Aberdeen wants companies to be forced to consult with shareholders over exec pay

 
Oliver Gill
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Aberdeen Asset Management Cowes Week - Day One
Aberdeen Asset Management said it has voted against 80 per cent of all pay resolutions in the US during 2016 (Source: Getty)

One of Britain's leading fund managers has said that executive pay rules should force boards to consult more closely with shareholders.

A wave of shareholder revolts against executive pay rocked the AGM season earlier this year, while Prime Minister Theresa May weighed into the debate as she prepared to replace David Cameron in Downing Street this summer.

There have been widespread calls in both the City and Westminster for greater transparency on executive pay, along with more powers for shareholders to prevent remuneration packages being waved through by boards.

Aberdeen Asset Management's recommendations to the business, energy and industrial strategy (BEIS) committee corporate governance consultation suggested a structure that would bind firms to agree a strategy going forwards with investors. These proposals would ultimately require approval from 75 per cent of shareholders.

Read more: Executive pay regulation will backfire if it’s not based on evidence

"This approach would lead to an active dialogue over the year, such that the vote gained the necessary support; a failure to achieve the threshold would likely have consequences for those directors who were party to the discussions between the company and its shareholders," Aberdeen said in its submission.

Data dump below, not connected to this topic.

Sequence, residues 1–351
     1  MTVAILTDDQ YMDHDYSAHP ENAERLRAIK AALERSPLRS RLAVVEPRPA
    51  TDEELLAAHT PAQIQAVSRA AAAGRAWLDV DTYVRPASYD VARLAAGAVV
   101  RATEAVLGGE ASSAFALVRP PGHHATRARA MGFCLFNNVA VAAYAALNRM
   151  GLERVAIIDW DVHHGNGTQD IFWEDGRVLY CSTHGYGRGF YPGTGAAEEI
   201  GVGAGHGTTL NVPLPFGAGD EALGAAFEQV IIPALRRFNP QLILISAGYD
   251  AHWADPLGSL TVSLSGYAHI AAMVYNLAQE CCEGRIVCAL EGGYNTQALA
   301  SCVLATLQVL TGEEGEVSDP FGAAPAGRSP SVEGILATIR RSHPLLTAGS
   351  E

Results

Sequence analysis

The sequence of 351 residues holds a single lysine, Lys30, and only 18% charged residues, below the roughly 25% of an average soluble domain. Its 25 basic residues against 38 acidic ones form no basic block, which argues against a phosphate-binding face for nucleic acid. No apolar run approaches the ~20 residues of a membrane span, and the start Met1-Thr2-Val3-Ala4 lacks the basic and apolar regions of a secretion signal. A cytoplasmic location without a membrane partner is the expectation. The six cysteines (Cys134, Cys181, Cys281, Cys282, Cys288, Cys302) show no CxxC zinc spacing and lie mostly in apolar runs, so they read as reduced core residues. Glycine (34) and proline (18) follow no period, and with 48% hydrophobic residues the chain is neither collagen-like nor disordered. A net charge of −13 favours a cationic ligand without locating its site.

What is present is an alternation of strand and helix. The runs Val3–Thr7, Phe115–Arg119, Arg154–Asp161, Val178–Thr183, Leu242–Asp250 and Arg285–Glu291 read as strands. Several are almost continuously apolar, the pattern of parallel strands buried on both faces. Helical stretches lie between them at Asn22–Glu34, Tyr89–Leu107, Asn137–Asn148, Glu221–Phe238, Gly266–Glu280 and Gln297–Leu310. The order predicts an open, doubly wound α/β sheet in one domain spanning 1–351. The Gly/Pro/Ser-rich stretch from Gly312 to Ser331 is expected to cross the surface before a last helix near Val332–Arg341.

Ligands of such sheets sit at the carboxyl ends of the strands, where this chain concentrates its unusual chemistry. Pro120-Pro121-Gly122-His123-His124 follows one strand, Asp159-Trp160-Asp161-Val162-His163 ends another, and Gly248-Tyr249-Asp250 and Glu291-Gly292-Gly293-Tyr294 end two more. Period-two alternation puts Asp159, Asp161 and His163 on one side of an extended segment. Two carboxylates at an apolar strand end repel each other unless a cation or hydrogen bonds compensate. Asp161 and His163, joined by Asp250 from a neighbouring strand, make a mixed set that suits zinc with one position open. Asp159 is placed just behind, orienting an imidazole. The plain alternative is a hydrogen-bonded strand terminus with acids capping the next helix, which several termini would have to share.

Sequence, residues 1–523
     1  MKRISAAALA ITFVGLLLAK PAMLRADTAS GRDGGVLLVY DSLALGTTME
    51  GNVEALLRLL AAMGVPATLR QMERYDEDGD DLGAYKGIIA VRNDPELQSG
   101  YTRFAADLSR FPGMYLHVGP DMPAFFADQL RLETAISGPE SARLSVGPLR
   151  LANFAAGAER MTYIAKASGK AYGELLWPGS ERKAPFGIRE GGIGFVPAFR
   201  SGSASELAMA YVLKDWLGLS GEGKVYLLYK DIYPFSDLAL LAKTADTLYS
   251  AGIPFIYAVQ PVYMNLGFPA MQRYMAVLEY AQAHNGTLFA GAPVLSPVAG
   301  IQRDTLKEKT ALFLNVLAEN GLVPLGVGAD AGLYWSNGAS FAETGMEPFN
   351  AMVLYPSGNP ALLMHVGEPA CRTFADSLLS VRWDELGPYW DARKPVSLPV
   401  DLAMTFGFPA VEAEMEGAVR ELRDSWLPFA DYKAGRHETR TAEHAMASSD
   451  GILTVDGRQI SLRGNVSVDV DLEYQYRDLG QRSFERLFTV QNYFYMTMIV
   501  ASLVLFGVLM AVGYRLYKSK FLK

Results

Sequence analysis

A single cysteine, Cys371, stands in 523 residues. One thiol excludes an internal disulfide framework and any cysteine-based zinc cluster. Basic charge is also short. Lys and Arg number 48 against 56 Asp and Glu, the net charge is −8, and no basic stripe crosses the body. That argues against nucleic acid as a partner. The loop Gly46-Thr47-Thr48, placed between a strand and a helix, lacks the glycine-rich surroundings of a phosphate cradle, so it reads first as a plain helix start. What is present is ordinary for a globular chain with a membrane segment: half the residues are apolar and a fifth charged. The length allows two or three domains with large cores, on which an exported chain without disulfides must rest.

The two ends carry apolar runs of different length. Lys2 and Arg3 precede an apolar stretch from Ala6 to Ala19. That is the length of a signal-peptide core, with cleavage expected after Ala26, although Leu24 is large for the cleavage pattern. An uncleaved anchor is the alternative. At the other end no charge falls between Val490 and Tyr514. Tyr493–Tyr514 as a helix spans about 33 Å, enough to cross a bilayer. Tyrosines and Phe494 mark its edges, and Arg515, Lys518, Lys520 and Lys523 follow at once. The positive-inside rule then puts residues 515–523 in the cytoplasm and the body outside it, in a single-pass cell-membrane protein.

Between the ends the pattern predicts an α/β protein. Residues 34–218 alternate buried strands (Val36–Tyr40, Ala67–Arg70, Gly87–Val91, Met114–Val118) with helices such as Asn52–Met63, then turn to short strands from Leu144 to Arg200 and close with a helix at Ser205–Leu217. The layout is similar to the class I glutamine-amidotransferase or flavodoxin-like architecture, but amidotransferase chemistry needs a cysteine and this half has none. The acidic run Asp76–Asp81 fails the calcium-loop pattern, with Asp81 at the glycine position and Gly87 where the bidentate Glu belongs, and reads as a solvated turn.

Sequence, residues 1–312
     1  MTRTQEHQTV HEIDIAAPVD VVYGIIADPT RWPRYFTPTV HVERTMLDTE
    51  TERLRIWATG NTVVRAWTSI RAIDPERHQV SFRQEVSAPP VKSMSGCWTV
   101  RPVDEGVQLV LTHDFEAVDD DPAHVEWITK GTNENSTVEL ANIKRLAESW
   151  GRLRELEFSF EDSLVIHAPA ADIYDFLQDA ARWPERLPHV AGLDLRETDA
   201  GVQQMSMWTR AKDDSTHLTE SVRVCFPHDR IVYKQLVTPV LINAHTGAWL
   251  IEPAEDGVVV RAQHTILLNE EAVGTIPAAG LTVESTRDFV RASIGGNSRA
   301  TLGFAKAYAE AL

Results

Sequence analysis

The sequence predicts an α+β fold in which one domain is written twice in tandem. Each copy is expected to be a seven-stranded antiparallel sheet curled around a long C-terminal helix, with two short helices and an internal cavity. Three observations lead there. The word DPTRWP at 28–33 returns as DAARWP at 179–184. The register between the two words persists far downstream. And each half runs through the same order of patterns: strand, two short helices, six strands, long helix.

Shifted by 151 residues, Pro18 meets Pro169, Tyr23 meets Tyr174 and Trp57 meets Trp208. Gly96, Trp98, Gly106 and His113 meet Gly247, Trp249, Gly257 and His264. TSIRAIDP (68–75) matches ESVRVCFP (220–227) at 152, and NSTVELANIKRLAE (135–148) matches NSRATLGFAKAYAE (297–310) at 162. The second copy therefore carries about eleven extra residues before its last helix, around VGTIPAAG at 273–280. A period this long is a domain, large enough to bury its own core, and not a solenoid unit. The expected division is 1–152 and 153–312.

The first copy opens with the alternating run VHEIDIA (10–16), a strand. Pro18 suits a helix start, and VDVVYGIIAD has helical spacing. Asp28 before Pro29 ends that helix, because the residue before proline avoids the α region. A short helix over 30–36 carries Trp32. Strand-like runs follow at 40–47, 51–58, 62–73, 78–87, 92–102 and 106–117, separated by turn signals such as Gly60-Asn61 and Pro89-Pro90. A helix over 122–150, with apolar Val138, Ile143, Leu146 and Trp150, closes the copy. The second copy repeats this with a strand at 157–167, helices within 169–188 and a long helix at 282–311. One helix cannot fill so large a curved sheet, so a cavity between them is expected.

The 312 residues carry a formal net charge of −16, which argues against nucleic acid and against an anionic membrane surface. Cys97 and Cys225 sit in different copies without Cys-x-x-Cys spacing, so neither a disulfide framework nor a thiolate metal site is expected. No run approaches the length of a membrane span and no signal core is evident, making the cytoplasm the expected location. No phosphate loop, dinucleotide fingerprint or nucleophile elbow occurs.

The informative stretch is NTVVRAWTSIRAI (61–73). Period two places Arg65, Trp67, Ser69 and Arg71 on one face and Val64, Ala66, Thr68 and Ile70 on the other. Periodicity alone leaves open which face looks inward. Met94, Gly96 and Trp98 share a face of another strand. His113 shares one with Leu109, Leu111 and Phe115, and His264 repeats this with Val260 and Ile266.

Nevertheless, Aberdeen disagreed that the significant numbers of votes against executive pay earlier this year necessarily meant the current structure was not working.

"On the contrary, we believe the significant votes, which reflect a coming of age of the greater disclosure and new powers recently given to shareholders, are evidence that the system can be effective.

"The companies that faced significant votes against, whether or not their resolutions were defeated, have been proactive in seeking additional dialogue with their investors and appear to changing their approach."

Read more: UK's top shareholders to propose executive pay shake-up

The fund manager, which said that it had voted against 80 per cent of all pay resolutions in the US in 2016, said that actually "the votes have also had a chastening effect across other companies".

It added: "Changes to underlying pay levels and structures, likely to be incremental, are already happening."

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